Diet and Treatment of Hepatic Steatosis

Fatty liver, also called fatty liver, is a disease, as its name says, caused by the accumulation of fat in liver cells.

Treatment of hepatic steatosis
Treatment of hepatic steatosis

Fatty liver disease is generally benign, but may in some cases progress to steatohepatitis, a form of hepatitis caused by the fat deposition in the liver. The steatohepatitis is a more severe form of fat accumulation that hepatic steatosis, it may lead, in the long term, the destruction of liver tissue, scarring of the liver and the development of cirrhosis.

There are several causes of hepatic steatosis and steatohepatitis, and excessive alcohol consumption, obesity and diabetes the key.

Natural history of hepatic steatosis

The hepatic steatosis is a problem that, if not properly controlled, may progress to steatohepatitis and eventually to cirrhosis. But, fortunately, only a minority of patients with fatty liver ends up developing cirrhosis.

As a silent disease, causing no symptoms, the exact number of people suffering from fat accumulation in the liver ends up being underestimated. It is believed that up to 1 in 3 people may have steatosis. The lack of an exact number of people with the disease makes it difficult to estimate what percentage of these evolve to long-term cirrhosis. In general, less than 10% of patients with end steatosis to steatohepatitis evolving. Of those, 20% will progress to cirrhosis.

Therefore, despite the steatosis is a benign disease in most cases, if left untreated, it is possible that the disease evolved unfavorably. Therefore, all patients diagnosed with hepatic steatosis and especially steatohepatitis should start specialized treatment to reverse this accumulation of fat.

Treatment of hepatic steatosis and steatohepatitis

Multiple treatments have been investigated for the control of hepatic steatosis. But few have scientifically proven results. Let's summarize the main steps that can be taken to treat steatosis.

Weight loss

The most effective measure to control hepatic steatosis is weight loss. Studies show that a reduction of only 7% in body weight may be able to bring excellent results. So an obese or overweight person who weighs around 80 kilos, would need to lose about 5 kilos to be able to present regression of liver fat accumulation.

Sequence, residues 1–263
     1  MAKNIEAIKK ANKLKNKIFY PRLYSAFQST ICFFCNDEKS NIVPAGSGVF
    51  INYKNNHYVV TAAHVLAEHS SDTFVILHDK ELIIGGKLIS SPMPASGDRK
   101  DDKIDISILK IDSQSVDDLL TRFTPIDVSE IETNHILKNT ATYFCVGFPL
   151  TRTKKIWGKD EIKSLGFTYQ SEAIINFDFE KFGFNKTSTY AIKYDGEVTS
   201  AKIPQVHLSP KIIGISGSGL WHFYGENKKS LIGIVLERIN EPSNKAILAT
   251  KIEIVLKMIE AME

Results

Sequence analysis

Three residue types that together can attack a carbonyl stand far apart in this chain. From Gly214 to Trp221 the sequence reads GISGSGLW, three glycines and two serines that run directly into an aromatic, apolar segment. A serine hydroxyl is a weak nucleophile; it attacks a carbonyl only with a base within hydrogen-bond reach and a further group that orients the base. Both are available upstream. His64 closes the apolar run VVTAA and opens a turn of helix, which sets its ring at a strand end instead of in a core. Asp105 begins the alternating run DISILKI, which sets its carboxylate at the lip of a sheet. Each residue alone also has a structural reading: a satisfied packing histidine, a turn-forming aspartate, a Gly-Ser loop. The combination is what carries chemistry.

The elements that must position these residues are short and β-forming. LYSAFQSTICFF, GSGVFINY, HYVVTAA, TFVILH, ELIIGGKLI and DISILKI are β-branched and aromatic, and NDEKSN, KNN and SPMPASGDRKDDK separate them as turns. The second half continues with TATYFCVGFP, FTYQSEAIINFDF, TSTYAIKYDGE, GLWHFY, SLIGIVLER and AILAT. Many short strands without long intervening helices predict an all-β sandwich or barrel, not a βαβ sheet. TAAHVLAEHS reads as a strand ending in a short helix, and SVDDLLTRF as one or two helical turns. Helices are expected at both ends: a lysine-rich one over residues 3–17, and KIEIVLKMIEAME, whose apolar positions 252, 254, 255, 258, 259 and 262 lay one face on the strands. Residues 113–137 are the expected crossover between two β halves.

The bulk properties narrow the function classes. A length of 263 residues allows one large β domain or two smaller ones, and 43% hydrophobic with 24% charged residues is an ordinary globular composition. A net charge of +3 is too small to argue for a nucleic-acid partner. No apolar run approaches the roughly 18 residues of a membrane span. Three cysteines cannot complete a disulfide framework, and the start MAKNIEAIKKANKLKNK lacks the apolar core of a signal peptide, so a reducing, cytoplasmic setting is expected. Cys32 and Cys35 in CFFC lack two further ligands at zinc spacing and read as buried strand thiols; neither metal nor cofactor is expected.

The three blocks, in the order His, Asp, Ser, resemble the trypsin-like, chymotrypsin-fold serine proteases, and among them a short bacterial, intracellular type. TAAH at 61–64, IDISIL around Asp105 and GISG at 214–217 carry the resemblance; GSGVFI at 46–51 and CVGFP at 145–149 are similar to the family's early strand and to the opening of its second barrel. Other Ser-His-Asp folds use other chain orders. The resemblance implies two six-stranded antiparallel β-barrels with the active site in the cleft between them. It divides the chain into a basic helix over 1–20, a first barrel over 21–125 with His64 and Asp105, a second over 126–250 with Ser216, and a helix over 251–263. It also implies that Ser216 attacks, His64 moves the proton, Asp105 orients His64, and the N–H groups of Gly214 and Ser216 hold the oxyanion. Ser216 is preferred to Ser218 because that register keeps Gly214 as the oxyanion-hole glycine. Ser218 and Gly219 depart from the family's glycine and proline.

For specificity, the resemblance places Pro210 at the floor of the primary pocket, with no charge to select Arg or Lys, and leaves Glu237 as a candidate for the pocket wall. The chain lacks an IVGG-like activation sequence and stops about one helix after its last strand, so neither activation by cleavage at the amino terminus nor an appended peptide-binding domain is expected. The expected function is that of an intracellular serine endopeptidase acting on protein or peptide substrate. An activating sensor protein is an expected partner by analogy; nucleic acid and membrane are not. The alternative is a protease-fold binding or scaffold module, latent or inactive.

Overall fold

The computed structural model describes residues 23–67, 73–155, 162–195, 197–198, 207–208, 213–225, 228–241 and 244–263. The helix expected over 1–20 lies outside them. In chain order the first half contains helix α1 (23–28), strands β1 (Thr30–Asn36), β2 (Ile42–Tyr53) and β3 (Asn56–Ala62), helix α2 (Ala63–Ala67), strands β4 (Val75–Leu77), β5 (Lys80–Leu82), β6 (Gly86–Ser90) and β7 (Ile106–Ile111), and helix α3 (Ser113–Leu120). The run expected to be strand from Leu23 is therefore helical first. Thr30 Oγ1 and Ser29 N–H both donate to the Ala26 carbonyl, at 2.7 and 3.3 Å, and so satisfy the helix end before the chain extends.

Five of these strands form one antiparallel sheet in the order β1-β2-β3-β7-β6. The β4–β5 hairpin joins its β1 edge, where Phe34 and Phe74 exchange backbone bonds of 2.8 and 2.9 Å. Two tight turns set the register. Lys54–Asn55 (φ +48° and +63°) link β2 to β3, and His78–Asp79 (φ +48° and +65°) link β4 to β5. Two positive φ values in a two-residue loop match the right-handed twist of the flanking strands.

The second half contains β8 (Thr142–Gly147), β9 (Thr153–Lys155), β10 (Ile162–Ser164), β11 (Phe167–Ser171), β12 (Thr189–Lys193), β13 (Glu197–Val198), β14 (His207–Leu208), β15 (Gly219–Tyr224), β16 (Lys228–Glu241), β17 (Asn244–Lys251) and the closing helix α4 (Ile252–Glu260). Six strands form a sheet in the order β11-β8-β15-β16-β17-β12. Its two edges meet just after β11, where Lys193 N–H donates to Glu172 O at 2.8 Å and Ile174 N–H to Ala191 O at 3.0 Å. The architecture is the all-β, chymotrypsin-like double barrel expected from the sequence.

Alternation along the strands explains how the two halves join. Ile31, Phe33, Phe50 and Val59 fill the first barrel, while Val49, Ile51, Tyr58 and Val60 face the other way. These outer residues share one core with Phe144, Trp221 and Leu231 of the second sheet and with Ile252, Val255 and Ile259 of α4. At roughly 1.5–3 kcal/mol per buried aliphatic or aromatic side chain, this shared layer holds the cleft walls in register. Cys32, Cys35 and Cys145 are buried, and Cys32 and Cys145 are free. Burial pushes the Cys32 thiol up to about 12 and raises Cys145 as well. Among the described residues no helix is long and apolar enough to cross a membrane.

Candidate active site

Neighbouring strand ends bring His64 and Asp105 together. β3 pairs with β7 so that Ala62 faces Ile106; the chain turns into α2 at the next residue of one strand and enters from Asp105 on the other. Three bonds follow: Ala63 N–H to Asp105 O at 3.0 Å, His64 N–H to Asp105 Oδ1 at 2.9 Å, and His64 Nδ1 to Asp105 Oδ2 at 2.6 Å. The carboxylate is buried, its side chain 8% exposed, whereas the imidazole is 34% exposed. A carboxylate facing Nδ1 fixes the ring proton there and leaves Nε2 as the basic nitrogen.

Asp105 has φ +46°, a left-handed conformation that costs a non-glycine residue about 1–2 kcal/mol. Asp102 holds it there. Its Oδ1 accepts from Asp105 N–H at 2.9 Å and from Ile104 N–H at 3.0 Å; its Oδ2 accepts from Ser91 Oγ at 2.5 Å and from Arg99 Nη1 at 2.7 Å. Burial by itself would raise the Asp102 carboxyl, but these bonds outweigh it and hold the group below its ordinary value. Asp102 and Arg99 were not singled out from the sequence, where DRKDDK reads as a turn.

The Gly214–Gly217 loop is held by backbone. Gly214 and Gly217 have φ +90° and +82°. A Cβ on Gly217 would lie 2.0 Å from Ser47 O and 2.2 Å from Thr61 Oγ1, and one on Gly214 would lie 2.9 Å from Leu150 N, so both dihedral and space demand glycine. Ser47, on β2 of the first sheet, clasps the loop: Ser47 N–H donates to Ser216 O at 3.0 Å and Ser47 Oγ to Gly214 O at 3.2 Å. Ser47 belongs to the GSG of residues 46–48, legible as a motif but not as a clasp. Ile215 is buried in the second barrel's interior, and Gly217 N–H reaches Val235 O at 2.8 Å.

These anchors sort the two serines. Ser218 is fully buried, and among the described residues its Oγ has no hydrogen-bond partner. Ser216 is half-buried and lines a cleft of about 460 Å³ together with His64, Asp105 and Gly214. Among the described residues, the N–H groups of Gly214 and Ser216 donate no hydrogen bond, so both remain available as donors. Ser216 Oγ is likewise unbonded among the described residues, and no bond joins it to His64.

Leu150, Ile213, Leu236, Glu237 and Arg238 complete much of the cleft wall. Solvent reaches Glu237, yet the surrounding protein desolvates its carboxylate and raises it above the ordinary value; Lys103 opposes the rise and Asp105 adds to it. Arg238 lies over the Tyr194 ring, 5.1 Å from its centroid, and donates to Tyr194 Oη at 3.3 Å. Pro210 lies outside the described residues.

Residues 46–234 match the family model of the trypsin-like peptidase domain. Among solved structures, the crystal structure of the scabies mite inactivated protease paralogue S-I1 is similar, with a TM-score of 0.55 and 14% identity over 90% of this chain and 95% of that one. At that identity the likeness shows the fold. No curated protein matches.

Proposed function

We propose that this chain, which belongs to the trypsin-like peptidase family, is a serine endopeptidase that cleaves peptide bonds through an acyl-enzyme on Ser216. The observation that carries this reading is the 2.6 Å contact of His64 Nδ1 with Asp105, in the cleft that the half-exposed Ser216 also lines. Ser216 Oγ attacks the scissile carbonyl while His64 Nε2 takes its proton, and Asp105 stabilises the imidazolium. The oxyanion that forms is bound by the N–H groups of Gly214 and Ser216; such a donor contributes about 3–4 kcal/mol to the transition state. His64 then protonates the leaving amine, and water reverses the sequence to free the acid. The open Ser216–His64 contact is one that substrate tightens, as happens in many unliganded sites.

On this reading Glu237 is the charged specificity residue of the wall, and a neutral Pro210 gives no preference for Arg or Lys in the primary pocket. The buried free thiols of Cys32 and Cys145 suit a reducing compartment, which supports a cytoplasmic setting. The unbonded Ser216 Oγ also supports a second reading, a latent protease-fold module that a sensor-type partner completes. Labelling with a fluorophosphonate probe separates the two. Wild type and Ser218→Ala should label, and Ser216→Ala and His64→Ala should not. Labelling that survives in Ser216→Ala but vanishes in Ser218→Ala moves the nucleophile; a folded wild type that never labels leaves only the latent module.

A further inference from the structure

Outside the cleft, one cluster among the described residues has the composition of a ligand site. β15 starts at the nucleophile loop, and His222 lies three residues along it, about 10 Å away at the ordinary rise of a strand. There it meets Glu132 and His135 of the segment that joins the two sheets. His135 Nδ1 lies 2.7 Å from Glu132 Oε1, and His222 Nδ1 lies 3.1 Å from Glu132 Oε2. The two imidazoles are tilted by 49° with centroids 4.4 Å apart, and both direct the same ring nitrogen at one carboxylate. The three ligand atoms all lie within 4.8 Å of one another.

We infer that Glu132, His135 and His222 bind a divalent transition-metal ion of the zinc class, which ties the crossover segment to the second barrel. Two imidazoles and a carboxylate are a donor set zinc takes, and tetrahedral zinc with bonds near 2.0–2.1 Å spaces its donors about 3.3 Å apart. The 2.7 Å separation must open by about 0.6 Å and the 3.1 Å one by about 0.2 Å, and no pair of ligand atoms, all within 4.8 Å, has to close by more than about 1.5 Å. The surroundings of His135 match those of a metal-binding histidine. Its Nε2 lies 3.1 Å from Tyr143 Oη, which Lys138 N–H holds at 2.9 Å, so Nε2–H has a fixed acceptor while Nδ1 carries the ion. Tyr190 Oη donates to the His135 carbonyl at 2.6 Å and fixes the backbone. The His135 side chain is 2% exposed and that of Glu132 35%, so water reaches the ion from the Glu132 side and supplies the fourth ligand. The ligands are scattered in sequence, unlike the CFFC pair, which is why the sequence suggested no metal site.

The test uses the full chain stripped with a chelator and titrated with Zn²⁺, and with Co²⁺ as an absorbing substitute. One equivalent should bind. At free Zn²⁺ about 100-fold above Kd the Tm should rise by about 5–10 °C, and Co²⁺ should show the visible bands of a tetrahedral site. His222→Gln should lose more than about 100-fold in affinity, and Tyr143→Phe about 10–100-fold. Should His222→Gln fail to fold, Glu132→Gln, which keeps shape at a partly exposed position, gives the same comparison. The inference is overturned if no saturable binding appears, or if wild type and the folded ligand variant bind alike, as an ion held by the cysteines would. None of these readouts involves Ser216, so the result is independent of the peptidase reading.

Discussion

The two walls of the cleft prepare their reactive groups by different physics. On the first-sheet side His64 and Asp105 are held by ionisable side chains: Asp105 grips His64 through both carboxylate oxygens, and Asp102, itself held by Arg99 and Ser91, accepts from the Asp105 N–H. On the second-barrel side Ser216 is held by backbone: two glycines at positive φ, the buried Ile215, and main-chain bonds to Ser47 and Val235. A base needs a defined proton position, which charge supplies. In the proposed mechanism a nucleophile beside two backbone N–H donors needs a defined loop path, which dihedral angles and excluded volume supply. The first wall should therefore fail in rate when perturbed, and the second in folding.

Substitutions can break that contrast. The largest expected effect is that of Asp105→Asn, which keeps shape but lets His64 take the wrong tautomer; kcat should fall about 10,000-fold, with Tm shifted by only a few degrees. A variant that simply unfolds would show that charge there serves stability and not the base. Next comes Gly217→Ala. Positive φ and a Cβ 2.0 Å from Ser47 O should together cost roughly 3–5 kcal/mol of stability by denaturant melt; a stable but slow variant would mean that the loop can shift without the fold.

In general, we suggest physical activity and control of consumption in order of calories the patient to lose between 0.5 and 1 kg per week. very fast weight loss caused by very strict diets, can have the opposite effect, aggravating the steatosis. No need to rush. A slow weight loss, but ultimately, is the best way to combat steatosis.

The weight loss, of course, works only for those obese or overweight individuals. Persons with body mass index (BMI), ie between 20 and 25 kg/m2, did not have great benefit, since the cause of his steatosis is not excessive body fat.


The suspension of alcohol consumption is extremely necessary to prevent a steatosis evolve to steatohepatitis and liver cirrhosis. People with liver fat accumulation signs should avoid completely alcohol.

Probably small amounts of alcohol ingested sporadically, should do no harm, but do not know the minimum safe dose in these cases. As many patients with steatosis caused by alcohol are used to drink large amounts of alcohol, the ideal is to educate them to avoid drinking altogether.

Cardiovascular disease

Patients with NAFLD are at increased risk of cardiovascular disease, so the control of risk factors is essential to decrease the risk of cardiac complications. Weight loss, practicing physical activity, control of blood pressure levels, stop smoking and use of statins (drugs to control cholesterol) are measures that should be instituted when necessary.